1 comment Facebook Twitter Reddit
AppleInsider may earn affiliate commissions for purchases made through links on our site.
An internal evaluation of Apple's practices related to employee confidentiality orders and arbitration clauses found that the company is in full compliance with the rules and regulations.
For some time, Apple employees have been dissatisfied with their working conditions. Apple stores have started unionizing, an Australian store is planning a Christmas strike, and employee organizations are vocal about harassment.
Due to the ongoing dispute and potential legal action, shareholders requested that Apple prepare a report “assessing the potential risks to the company associated with its use of cover-up provisions in the context of harassment, discrimination and other illegal activities.” The report, released on Friday, claims that Apple is within its legal boundaries and in fact exceeds the legal requirements.
The Business Conduct Policy allows employees to speak freely about wages, hours and working conditions, including information about harassment, discrimination or any behavior that is considered illegal. The only restrictions on freedom of speech are confidentiality agreements for unreleased products and non-public business information.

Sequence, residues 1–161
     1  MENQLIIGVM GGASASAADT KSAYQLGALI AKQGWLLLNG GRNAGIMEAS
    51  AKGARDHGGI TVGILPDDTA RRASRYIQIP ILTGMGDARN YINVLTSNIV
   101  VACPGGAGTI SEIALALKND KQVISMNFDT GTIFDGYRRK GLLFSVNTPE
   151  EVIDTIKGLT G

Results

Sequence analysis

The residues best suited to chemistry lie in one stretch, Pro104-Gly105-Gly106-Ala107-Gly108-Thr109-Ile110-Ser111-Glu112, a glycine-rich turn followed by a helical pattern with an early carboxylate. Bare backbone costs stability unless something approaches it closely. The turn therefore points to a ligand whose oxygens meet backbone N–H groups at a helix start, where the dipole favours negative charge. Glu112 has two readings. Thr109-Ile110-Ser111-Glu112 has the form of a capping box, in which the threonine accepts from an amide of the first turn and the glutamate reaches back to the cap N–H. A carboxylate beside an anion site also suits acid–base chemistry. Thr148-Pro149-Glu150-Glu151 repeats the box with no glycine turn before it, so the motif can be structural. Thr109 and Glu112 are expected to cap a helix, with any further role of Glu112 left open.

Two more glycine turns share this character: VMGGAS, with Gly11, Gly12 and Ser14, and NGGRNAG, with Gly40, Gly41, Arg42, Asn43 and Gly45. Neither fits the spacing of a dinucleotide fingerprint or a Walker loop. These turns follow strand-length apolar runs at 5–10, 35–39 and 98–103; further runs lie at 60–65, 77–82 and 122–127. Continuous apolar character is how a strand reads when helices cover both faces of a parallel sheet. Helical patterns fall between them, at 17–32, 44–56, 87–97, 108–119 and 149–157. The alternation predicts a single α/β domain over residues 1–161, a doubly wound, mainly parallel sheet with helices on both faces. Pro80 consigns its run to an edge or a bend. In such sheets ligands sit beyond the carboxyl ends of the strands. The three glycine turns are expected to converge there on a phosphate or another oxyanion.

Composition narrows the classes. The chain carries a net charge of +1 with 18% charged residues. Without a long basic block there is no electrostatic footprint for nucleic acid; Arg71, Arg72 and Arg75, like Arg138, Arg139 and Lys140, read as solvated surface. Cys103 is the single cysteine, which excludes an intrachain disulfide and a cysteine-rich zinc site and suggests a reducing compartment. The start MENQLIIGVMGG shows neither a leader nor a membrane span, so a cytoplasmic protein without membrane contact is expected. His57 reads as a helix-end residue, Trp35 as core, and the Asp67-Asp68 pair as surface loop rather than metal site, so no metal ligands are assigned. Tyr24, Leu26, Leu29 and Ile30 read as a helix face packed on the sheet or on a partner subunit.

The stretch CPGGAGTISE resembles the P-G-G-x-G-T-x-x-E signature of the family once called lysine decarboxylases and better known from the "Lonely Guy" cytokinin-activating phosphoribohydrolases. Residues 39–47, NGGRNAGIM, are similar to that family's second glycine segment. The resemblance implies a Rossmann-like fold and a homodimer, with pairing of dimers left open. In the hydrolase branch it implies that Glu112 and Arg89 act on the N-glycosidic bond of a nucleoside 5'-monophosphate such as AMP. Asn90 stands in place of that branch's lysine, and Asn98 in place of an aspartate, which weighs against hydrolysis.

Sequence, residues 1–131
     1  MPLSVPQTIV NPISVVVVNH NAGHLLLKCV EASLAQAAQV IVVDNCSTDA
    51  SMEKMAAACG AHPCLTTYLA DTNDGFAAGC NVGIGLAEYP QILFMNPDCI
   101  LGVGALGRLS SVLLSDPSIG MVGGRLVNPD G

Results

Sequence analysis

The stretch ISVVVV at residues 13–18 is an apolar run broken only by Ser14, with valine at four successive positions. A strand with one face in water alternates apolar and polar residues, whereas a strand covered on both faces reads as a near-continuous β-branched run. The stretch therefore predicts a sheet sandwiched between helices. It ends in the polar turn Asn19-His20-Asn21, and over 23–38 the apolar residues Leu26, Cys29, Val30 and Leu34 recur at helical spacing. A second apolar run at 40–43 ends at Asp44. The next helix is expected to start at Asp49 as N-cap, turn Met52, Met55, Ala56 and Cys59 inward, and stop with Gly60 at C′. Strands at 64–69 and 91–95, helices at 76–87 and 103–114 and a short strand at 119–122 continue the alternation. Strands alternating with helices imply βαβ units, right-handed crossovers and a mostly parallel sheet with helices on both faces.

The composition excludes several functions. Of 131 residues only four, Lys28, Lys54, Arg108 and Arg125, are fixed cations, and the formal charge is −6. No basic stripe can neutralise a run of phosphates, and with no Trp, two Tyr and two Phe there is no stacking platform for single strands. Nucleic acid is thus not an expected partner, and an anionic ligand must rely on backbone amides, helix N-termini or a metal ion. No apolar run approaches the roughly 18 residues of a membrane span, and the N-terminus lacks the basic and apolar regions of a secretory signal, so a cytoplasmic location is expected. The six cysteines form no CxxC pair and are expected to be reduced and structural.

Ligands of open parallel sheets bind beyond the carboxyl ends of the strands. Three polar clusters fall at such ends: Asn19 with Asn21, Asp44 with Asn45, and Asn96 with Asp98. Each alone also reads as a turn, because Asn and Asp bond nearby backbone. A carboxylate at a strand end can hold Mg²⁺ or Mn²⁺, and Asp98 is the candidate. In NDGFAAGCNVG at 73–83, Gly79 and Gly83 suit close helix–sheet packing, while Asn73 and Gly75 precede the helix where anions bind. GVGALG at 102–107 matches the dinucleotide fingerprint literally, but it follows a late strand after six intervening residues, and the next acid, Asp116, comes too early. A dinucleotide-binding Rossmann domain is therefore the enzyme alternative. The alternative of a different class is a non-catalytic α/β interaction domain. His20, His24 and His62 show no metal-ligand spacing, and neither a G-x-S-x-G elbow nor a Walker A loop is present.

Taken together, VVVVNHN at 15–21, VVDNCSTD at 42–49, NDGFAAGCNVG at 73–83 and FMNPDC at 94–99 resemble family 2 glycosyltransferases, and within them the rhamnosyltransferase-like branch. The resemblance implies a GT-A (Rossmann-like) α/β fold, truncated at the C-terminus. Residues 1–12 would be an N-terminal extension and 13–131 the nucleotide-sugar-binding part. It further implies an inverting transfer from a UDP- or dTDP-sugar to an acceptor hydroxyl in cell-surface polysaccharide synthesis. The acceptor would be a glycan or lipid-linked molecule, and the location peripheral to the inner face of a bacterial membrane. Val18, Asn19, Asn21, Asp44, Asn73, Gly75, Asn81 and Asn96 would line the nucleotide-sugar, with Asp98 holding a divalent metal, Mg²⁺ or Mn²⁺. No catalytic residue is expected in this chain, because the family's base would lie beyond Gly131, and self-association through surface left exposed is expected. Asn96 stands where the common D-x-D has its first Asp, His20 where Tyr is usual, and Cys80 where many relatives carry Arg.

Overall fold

Apple states that no policy should be interpreted as restricting an employee's right to speak out against the workplace.
Harassment and discrimination issues can be taken to court and are automatically excluded from an employee arbitration agreement. Claims related to wages or overtime, and other similar workplace issues, may still be arbitrated.
Apple also voluntarily included the language of California's No Silence Act. It also applies to every Apple employee in the US, no matter where they work.
An external consultant reviewed the report and confirmed that it is Apple's global policy not to restrict the ability of employees or independent contractors to speak freely about harassment, discrimination, or illegal behavior. In some cases, Apple's policies may be interpreted as restricting an individual's ability to speak about such behavior, but Apple has committed not to enforce these restrictions and to make improvements and clarifications in the future.
The report was reviewed and approved by the Nominating and Corporate Governance Committee of the Apple Board of Directors in November 2022.